Modern technology has become a huge part of our lives and even though we have advanced ways of connecting to one another electronically – such as via our smart phones or on our computers – these amazing tools are causing a strain to our relationships.
Parents may be deeply engrossed in a phone call while their kids run around unsupervised at the playground; family time equates to everyone sitting around in absolute silence while watching videos on their mobile device; sleep is affected as you lay in bed in the dark while scrolling through your social media newsfeed; meaningful conversations are replaced by text messages; social gatherings are invaded by endless snapshots of the food or selfies/wefies.
If you find that your connection with your children, spouse, parents, siblings or friends is not as strong as it should be, perhaps it’s time to reconnect and rekindle your relationships?
Electronic vs real-life relationships
Image source: iStock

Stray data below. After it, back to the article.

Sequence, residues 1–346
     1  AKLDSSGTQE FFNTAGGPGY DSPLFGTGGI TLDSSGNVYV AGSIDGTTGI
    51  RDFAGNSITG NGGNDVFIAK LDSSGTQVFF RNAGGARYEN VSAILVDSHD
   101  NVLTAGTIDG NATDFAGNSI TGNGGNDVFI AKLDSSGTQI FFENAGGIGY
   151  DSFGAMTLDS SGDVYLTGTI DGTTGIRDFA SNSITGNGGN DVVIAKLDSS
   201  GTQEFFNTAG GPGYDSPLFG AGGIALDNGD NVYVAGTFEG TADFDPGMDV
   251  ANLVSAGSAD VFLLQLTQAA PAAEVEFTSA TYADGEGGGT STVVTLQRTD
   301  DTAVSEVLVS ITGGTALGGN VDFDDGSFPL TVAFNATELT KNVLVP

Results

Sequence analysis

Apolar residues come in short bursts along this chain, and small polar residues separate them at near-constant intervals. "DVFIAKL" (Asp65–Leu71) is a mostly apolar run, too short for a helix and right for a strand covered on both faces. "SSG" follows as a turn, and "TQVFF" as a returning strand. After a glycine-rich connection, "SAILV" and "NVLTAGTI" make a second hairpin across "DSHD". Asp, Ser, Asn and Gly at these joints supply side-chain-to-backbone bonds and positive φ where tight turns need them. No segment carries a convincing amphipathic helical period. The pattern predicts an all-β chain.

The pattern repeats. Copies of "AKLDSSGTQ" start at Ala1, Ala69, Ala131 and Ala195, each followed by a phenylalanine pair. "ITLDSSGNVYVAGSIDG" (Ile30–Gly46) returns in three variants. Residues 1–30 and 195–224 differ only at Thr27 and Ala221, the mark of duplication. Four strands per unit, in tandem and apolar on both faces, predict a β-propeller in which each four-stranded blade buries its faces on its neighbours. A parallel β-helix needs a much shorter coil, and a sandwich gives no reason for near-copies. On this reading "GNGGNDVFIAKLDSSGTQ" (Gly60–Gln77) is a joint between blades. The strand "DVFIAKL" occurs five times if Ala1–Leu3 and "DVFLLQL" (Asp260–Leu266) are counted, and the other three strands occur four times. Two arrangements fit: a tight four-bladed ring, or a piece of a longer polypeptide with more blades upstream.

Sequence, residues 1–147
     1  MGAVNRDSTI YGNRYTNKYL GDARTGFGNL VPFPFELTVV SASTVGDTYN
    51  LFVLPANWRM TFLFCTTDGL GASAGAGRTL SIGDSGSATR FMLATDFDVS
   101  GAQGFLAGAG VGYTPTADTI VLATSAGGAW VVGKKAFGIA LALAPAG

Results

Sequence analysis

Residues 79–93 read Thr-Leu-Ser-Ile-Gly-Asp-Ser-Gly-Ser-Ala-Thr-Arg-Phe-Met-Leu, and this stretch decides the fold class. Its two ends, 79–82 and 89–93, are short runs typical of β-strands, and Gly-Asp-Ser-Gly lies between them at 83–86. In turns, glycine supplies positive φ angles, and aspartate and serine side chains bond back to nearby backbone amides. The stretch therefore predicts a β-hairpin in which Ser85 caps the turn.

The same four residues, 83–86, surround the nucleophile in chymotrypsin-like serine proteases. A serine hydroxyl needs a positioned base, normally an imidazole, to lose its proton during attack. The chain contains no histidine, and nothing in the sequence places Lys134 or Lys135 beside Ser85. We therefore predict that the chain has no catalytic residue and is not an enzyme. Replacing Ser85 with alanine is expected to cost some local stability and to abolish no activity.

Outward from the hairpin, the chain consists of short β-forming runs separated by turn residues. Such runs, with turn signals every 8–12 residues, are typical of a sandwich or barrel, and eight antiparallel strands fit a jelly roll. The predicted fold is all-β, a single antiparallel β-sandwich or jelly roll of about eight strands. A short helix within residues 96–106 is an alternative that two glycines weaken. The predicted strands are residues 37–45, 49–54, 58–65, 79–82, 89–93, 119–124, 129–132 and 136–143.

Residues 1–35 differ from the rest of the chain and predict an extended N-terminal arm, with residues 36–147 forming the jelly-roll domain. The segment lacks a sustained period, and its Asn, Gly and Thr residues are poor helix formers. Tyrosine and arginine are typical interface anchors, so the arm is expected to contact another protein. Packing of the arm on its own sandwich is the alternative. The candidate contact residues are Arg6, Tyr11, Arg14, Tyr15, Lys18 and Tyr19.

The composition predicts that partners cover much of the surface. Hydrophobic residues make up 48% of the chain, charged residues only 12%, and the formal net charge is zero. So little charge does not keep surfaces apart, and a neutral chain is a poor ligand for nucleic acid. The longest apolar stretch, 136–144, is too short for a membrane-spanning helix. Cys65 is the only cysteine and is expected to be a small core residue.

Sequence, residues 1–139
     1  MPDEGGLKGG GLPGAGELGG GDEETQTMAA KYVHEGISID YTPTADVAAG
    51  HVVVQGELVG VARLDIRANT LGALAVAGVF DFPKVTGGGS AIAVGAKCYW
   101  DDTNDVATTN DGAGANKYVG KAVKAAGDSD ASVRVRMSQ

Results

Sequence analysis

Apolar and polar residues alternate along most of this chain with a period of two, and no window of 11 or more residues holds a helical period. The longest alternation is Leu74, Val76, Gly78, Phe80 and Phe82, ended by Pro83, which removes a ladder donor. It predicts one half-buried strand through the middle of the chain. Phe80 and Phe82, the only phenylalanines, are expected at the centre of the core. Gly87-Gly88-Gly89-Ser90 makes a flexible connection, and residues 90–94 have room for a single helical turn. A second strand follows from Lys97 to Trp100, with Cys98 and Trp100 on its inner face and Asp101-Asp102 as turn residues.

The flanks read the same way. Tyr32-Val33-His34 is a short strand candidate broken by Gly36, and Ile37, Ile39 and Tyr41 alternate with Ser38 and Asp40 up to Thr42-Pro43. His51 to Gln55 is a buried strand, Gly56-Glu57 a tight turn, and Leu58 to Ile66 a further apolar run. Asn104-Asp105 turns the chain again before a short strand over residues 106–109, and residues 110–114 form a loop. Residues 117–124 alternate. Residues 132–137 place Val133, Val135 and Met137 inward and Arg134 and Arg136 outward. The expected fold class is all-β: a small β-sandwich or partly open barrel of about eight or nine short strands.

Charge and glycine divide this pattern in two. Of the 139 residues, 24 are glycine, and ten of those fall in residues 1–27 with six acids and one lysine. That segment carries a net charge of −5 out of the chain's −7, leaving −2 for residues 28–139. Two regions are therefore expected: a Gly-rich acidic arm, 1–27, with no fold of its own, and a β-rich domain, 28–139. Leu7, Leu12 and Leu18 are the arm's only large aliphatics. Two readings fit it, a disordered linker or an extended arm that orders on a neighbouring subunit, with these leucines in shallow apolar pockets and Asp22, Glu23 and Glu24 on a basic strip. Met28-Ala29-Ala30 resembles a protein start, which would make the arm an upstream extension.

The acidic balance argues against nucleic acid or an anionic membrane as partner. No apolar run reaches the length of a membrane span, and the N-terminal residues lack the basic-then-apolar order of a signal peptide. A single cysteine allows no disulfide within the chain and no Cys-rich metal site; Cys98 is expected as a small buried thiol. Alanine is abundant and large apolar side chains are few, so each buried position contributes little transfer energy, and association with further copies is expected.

Alex Lickerman, M.D, Founder and CEO of a direct primary care medical practice in Chicago called ImagineMD, believes that the internet is an electronic drug that pulls us away from the physical world — and like any addiction, it eventually affects the number and quality of our relationships with others.
“The problem, however, comes when we find ourselves subtly substituting electronic relationships for physical ones or mistaking our electronic relationships for physical ones. We may feel we’re connecting effectively with others via the Internet, but too much electronic-relating paradoxically engenders a sense of social isolation“, he says.